Uluru, NT. (Photo by Mark Kolbe/Getty Images for AOC)
Uluru, NT. (Photo by Mark Kolbe/Getty Images for AOC)

Tourist dies climbing Uluru

A JAPANESE  tourist has died while climbing Uluru yesterday afternoon.

The 66-year-old man collapsed on the Northern Territory monolith around 4pm while halfway up the monolith.

Bystanders performed CPR but were unable to revive him.

A helicopter was used to fly the man to the nearby Yulara clinic where he was pronounced dead, the ABC reported.

"A helicopter had to be used to retrieve this person and take him back to Yulara clinic, but unfortunately he passed away," Duty Superintendent Shaun Gill told the ABC.

The police officer said the man's death was not being considered suspicious.

The man is the 37th person to die on Uluru since it was open to tourists in the 1960s and after the first chain was embedded in the rock in 1966 to aid climbing.

The last person to die on the rock was in 2010.

In November last year, the Uluru-Kata Tjuta National Park Board voted unanimously on banning tourists from climbing Uluru, an activity that has long been considered disrespectful by the region's traditional owners.

At least 35 people have died climbing Uluru, most from heart attacks however the rock is also incredibly dangerous to climb especially after rainfall, which makes the face of Uluru extremely slippery.The 12-person Uluru-Kata Tjuta National Park board voted unanimously on the controversial topic, announcing the rock would be closed to climbers from October 26, 2019.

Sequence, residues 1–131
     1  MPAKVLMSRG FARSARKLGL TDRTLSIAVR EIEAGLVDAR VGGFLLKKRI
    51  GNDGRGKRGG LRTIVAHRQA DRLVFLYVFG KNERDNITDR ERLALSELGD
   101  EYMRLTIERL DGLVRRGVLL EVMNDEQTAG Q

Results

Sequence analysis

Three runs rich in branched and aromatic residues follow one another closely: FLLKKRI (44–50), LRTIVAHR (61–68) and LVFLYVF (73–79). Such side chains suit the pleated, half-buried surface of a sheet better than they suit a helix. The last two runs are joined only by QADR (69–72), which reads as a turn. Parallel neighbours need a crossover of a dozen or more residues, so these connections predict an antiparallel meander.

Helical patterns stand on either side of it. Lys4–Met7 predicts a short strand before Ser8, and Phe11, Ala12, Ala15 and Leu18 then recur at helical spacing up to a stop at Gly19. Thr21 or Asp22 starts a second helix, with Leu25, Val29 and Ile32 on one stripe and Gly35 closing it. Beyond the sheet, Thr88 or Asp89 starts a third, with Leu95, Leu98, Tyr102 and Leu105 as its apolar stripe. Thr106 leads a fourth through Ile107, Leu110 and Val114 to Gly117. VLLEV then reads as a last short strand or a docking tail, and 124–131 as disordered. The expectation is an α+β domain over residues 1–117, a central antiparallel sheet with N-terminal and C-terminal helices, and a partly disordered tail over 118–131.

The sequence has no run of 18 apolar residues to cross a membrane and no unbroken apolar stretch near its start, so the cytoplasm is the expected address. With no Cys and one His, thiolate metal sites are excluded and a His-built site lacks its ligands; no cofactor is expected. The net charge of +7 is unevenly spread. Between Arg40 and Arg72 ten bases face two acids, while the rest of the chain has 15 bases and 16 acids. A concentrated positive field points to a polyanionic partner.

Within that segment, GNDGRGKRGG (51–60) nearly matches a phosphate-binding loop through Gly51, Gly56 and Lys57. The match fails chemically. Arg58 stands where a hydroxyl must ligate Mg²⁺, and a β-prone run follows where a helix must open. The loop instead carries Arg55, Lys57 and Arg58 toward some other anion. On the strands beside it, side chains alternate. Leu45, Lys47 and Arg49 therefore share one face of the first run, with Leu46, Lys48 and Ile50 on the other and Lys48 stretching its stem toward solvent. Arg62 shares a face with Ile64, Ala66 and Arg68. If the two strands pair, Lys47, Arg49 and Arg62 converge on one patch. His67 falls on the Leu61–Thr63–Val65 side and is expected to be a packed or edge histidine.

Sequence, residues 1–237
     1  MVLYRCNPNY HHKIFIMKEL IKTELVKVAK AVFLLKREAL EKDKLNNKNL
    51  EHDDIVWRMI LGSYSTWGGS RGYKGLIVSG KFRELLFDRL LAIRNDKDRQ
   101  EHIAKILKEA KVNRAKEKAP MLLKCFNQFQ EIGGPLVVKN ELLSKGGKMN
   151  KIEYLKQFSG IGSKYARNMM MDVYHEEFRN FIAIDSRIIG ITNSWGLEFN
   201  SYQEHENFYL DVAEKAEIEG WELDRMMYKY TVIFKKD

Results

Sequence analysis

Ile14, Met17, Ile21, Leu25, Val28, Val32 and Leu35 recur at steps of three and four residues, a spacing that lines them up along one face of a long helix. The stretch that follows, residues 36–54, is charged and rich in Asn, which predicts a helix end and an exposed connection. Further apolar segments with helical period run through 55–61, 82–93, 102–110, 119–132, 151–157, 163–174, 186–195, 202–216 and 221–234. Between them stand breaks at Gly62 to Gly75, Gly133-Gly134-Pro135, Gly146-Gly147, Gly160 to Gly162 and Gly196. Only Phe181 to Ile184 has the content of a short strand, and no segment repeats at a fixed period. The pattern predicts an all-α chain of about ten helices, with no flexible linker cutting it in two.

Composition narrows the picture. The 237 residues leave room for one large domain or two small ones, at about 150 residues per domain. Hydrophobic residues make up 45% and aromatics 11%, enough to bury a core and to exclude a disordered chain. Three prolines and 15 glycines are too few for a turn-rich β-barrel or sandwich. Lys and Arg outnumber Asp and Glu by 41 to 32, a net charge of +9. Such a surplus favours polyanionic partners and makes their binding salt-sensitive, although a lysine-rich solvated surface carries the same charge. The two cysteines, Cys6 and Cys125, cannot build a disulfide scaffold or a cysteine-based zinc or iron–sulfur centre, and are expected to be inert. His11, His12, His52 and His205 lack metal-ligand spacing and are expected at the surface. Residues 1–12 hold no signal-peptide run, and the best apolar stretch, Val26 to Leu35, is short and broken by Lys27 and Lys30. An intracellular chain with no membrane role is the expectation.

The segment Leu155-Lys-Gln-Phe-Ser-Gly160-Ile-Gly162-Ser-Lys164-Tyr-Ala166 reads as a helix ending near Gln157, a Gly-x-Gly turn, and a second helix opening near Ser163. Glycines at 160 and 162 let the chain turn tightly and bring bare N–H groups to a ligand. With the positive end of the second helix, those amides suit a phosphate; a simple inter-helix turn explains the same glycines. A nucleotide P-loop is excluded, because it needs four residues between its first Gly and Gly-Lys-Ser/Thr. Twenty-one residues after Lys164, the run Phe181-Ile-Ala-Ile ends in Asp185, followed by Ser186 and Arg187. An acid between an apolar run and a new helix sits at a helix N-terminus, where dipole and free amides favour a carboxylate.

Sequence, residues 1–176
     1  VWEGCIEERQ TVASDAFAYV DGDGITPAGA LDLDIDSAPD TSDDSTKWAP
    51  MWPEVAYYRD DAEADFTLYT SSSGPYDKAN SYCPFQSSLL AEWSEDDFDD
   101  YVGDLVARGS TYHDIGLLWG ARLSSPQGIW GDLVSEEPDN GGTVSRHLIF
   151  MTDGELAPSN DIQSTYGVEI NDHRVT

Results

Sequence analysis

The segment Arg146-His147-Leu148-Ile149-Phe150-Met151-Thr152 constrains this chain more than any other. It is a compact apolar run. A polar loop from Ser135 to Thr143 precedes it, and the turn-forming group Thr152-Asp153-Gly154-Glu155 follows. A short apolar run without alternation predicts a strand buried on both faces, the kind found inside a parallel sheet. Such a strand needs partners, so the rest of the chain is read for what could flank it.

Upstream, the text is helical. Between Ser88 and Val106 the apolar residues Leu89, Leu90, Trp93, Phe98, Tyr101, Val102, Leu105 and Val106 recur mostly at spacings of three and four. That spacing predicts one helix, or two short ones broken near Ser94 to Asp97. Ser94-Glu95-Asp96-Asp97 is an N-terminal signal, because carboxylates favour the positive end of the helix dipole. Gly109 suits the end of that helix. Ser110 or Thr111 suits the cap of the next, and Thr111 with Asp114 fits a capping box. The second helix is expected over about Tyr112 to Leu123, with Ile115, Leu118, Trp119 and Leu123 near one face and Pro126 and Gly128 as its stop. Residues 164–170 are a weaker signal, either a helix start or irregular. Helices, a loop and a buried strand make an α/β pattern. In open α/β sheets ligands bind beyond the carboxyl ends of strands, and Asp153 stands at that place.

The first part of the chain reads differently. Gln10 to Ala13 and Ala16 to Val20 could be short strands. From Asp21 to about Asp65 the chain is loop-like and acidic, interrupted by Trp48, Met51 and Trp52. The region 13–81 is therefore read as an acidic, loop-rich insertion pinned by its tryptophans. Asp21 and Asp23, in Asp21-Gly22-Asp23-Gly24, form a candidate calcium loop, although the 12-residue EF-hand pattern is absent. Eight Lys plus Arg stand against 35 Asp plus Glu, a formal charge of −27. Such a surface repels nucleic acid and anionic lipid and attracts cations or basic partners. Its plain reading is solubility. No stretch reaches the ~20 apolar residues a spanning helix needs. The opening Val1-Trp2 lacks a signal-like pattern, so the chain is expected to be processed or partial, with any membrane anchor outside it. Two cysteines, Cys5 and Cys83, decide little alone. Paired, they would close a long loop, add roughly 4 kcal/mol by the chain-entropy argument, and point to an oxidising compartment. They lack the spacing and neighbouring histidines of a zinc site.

The symbolic date is the 34-year anniversary of the day the Uluru land title was handed back to its traditional owners, the Anangu people.

The two-year lull period was also set to allow tourists who booked trips to the Red Centre to complete the climb, if they choose to do so.

The chairman of the park board Sammy Wilson said today the Anangu people have felt threatened to keep it open to climbers, something fewer than 20 per cent of visitors now do.

"Over the years Anangu have felt a sense of intimidation as if someone is holding a gun to our heads to keep it open," he said, according to the Sydney Morning Herald.

"It is an extremely important place, not a theme park like Disneyland. If I travel to another country and there is a sacred site, an area of restricted access, I don't enter or climb it, I respect it. It is the same here for Anangu. We welcome tourists here. We are not stopping tourism, just this activity.

"Closing the climb is not something to feel upset about but a cause for celebration," he added.

A sign at the bottom of the rock has always implored visitors to reconsider their need to scale Uluru.

"We, the traditional Anangu owners have this to say," the sign reads.

"The climb is not prohibited but we ask you to respect our law and culture by not climbing Uluru. We have a responsibility to teach and safeguard visitors to our land. The climb can be dangerous. Too many people have died while attempting to climb Uluru," it reads.

From 2011-2015, the climb was closed 77 per cent of the time due to dangerous weather conditions or cultural reasons.

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